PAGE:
By committing to "security first," developers will build protection into products from the start instead of bolting it on after the fact. They'll come up with pocket-sized versions of detection - micro detection - that they embed into apps at the source. In this sense, we can think of these apps like tiny streams feeding into large rivers and, ultimately, oceans. You want to stop "pollution" at the stream level before it reaches the river, not after. The same thinking applies to the safeguarding of apps and software before they are widely distributed within our enterprises.

Artificial intelligence (AI)-enabled security will emerge as a "must have," as opposed to a "nice to have." CISOs and their teams know they can't keep up with threats on their own. They're getting blitzed every day with unknown attacks, with 1 billion malware samples out there and millions more on the way. They are also drowning in alerts, with 5,000 a day leading to a wealth of false positives. In 2022, they will come to the inevitable conclusion that they need to partner with AI machines to apply "super powers" to their monitoring, detection, prevention and mitigation capabilities.

Through sophisticated algorithms and predictive intelligence, AI systems instantly hunt down malware, run pattern recognition, and find and thwart even the slightest traces of attacks before they have a chance of doing any damage. In addition, they inform teams of new anomalies, threats and prevention strategies. Given the benefits, it's no surprise that seven of ten senior executives believe AI will play a necessary role in responding to attacks, with the vast majority indicating that AI will allow their organization to more accurately detect threats and more swiftly respond to them, at a lower cost.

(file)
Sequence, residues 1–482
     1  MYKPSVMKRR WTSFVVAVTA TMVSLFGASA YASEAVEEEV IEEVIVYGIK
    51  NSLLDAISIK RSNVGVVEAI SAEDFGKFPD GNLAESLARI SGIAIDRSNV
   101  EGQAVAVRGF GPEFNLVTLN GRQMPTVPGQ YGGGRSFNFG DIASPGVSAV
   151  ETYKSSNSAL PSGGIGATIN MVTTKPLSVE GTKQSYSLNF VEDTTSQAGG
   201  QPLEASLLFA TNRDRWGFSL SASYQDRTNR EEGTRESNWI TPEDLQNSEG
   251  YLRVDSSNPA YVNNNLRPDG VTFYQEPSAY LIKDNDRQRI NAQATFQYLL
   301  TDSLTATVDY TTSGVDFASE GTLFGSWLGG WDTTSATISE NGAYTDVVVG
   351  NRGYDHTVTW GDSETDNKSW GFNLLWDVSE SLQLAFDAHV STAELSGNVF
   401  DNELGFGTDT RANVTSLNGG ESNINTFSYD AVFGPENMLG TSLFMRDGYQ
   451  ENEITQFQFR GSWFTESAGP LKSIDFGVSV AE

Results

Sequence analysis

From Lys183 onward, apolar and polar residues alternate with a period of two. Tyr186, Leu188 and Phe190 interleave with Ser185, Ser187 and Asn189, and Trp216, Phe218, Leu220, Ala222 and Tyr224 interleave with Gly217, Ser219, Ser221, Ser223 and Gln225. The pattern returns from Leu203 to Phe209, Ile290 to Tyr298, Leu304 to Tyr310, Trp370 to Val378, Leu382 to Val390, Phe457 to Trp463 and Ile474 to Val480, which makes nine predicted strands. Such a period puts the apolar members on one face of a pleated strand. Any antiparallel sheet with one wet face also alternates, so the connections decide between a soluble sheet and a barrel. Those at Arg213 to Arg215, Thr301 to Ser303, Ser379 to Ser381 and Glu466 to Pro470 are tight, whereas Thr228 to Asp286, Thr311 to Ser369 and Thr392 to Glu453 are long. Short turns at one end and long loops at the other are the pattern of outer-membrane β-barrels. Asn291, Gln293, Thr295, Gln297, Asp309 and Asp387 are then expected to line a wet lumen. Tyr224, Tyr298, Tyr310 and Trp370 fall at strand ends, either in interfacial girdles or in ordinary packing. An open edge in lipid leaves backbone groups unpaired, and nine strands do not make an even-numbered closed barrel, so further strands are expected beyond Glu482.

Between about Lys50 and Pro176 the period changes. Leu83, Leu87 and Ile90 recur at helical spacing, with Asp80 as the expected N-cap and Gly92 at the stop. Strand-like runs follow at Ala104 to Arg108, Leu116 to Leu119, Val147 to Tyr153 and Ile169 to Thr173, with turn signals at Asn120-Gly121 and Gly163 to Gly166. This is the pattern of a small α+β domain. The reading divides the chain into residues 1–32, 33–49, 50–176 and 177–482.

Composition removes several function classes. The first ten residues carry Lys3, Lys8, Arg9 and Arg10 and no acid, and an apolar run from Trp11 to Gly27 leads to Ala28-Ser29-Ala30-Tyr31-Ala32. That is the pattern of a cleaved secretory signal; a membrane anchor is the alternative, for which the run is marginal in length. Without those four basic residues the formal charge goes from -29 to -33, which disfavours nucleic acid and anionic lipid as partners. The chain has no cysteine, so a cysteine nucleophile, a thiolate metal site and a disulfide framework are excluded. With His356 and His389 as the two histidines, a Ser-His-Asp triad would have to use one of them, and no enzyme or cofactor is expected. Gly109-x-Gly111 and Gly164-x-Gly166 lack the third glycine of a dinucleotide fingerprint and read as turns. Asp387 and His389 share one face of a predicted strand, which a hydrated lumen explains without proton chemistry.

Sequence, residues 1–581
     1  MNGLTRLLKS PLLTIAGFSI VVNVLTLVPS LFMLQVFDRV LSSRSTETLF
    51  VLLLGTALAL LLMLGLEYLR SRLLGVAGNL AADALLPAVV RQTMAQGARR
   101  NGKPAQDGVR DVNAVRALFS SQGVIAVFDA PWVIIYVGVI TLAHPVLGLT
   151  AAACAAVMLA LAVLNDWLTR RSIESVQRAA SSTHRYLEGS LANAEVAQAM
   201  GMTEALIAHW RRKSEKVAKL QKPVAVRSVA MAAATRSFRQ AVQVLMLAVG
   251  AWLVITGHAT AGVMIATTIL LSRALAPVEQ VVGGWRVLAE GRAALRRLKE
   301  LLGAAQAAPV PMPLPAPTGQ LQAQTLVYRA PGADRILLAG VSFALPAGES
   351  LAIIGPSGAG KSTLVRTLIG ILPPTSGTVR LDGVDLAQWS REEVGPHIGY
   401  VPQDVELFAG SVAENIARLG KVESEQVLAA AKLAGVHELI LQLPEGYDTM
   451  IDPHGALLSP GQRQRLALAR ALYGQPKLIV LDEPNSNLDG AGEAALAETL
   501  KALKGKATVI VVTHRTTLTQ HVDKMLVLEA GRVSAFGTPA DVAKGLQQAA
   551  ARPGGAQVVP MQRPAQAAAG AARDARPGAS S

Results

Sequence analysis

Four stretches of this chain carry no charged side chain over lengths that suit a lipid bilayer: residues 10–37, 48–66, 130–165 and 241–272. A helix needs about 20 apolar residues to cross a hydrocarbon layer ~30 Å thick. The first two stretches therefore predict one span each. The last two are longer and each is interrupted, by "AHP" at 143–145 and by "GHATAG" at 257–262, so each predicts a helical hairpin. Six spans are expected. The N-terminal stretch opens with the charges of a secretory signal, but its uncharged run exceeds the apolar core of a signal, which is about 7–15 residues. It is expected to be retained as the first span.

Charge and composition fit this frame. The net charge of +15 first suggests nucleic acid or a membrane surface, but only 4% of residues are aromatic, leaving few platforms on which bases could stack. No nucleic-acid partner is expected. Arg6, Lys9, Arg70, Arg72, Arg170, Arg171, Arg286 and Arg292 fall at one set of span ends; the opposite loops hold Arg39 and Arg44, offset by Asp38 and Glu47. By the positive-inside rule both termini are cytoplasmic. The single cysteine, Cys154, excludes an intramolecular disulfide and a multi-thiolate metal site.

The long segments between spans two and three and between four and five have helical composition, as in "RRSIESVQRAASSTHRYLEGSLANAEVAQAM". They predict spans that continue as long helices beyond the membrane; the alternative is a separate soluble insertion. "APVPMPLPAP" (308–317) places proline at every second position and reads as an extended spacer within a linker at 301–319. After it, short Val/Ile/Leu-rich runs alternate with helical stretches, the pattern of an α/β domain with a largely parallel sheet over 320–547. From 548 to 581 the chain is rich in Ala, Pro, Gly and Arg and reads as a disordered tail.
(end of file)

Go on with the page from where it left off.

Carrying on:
It's very difficult to keep up with cyber crooks when they're constantly deploying new tactics/tools and finding new exploits within supply chains, cryptocurrencies and other targets. But by committing to "security first" and arming themselves with fully automated AI, CISOs and their teams will give themselves a clear advantage - and this bodes well for more improvement in 2022.



Onkar Birk 

As Chief Operating Officer and CTO, Onkar Birk oversees product delivery, engineering, threat management, R&D, and security operations for Alert Logic.
Birk has built his reputation as a leader focused on delivering products to market with customer success, swift execution, and the development of talent on his teams.
Previously, he led technology transformation for global clients, driving revenue generation through customer success. Prior to his seven years in consulting, Birk was General Manager and CTO for the Avaya Services & Contact Center Solutions Division, where he helped achieve the leader position from Gartner.

Published Friday, November 19, 2021 7:35 AM by David Marshall